A pair of key consumer electronics manufacturers, most famous for being the places that assemble Apple’s devices, have been forced to close. Reuters is reporting that both Foxconn and Unimicron have announced closures in the wake of newly-imposed restrictions after a COVID outbreak in the city of Shenzhen. Officials are asking locals to remain indoors wherever possible and has implemented a mass-testing regime in order to curtail the spread of the virus. As a consequence of the shutdown, Foxconn and Unimicron will suspend operations until further notice, adding that it has backup plans in place to address any delay.And while the delay is expected to be fairly brief, it is yet another bump on the already rocky road for consumer electronics. After all, COVID has helped accelerate a crunch time for the tech industry, with chip supplies — already in short supply — becoming something of a rarity. And, as Reuters reported a few days previously, the invasion of Ukraine will have serious implications for the world’s supply of high-quality neon, used to make semiconductors. All of this means that new devices are going to be in even greater demand, and a lot more expensive while all of this stuff rages on in the background.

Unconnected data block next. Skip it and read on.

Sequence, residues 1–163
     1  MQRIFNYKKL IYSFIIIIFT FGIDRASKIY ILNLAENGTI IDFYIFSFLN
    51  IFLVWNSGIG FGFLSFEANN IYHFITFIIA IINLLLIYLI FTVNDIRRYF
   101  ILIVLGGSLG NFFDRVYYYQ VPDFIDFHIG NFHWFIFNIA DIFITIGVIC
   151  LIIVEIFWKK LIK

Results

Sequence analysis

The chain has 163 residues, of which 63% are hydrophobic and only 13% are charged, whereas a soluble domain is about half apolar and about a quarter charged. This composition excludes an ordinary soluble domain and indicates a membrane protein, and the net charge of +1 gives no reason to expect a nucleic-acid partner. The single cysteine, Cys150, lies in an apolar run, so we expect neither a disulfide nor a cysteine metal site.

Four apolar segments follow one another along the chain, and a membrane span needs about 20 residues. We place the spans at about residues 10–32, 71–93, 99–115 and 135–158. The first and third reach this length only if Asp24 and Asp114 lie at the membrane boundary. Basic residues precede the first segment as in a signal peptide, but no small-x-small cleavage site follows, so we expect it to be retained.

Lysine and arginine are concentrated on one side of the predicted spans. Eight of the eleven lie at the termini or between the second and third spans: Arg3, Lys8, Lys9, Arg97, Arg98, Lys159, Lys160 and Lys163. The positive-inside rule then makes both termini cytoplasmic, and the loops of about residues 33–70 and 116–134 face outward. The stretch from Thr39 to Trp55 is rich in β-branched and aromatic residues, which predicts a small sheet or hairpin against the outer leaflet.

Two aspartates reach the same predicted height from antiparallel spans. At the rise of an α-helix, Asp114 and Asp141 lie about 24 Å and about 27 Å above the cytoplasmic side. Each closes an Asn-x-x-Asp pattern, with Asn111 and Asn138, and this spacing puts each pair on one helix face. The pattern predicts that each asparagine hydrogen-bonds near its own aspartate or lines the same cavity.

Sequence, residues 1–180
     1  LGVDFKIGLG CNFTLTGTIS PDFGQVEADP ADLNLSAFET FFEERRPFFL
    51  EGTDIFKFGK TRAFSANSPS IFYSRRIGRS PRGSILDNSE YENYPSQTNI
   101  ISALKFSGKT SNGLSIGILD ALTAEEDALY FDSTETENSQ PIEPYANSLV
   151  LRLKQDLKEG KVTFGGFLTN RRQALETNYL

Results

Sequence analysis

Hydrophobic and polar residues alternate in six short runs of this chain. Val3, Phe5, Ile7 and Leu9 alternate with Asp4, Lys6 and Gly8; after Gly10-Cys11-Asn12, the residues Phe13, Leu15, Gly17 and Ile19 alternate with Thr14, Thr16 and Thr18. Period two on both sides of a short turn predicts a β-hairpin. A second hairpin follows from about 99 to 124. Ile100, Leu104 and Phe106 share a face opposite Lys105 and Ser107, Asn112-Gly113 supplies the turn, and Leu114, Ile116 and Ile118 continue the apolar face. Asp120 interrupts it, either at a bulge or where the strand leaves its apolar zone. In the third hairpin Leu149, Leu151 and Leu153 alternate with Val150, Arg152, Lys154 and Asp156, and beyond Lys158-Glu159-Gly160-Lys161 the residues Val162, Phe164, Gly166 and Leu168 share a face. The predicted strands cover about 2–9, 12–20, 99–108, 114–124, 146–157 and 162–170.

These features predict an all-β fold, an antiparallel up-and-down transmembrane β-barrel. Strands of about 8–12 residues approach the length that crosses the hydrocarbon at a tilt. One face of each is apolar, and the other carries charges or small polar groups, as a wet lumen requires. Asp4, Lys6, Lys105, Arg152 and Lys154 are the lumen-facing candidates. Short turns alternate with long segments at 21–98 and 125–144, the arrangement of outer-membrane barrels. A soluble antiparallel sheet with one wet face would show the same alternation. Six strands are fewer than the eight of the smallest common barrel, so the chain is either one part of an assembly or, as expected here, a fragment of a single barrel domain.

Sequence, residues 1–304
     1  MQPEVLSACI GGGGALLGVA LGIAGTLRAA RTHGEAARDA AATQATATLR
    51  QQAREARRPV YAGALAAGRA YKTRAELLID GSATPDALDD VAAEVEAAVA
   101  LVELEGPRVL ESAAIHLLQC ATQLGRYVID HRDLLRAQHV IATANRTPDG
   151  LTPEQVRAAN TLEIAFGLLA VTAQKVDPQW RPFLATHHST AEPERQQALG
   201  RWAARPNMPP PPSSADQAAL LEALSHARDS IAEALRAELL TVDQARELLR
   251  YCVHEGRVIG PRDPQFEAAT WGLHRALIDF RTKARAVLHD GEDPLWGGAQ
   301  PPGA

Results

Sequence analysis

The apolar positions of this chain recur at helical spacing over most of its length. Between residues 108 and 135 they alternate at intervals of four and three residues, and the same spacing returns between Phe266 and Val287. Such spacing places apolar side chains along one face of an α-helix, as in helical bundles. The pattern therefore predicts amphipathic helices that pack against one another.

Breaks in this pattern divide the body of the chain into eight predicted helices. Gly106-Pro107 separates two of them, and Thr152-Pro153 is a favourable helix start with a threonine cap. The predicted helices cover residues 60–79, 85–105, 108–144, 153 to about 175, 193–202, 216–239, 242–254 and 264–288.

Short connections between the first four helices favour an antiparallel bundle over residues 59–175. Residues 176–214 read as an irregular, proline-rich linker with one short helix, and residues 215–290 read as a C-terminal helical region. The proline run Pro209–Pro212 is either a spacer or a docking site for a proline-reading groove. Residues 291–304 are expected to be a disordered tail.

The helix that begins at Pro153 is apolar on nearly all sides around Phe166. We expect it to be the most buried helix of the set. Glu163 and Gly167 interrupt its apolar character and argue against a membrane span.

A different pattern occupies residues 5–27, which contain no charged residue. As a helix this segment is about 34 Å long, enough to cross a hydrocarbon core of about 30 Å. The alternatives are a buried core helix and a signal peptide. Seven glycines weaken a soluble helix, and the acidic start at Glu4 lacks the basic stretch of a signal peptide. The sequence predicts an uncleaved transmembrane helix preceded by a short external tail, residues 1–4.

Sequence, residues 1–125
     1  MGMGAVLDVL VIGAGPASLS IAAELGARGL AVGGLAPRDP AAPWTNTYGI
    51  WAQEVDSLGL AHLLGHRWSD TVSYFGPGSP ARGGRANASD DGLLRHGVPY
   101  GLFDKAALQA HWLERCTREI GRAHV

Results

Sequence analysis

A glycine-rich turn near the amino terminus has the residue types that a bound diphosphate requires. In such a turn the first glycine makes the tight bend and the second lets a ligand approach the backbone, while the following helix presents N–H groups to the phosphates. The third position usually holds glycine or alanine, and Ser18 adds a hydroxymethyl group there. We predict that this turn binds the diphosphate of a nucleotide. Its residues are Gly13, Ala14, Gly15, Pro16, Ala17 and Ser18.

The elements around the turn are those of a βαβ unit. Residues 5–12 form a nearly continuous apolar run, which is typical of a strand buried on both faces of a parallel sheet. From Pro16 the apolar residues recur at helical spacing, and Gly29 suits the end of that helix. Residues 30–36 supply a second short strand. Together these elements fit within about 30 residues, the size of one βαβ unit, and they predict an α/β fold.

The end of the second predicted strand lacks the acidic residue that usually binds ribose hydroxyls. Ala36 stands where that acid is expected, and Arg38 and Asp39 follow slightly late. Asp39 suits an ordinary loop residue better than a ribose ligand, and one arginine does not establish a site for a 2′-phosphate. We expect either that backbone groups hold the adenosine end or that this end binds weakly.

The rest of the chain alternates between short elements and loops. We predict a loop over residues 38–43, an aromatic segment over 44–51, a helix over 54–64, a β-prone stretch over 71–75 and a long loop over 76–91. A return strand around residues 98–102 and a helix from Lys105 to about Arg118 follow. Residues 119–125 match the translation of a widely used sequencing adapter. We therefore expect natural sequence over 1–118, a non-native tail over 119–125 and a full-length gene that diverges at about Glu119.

A pair of key consumer electronics manufacturers, most famous for being the places that assemble Apple’s devices, have been forced to close. Reuters is reporting that both Foxconn and Unimicron have announced closures in the wake of newly-imposed restrictions after a COVID outbreak in the city of Shenzhen. Officials are asking locals to remain indoors wherever possible and has implemented a mass-testing regime in order to curtail the spread of the virus. As a consequence of the shutdown, Foxconn and Unimicron will suspend operations until further notice, adding that it has backup plans in place to address any delay.

And while the delay is expected to be fairly brief, it is yet another bump on the already rocky road for consumer electronics. After all, COVID has helped accelerate a crunch time for the tech industry, with chip supplies — already in short supply — becoming something of a rarity. And, as Reuters reported a few days previously, the invasion of Ukraine will have serious implications for the world’s supply of high-quality neon, used to make semiconductors. All of this means that new devices are going to be in even greater demand, and a lot more expensive while all of this stuff rages on in the background.

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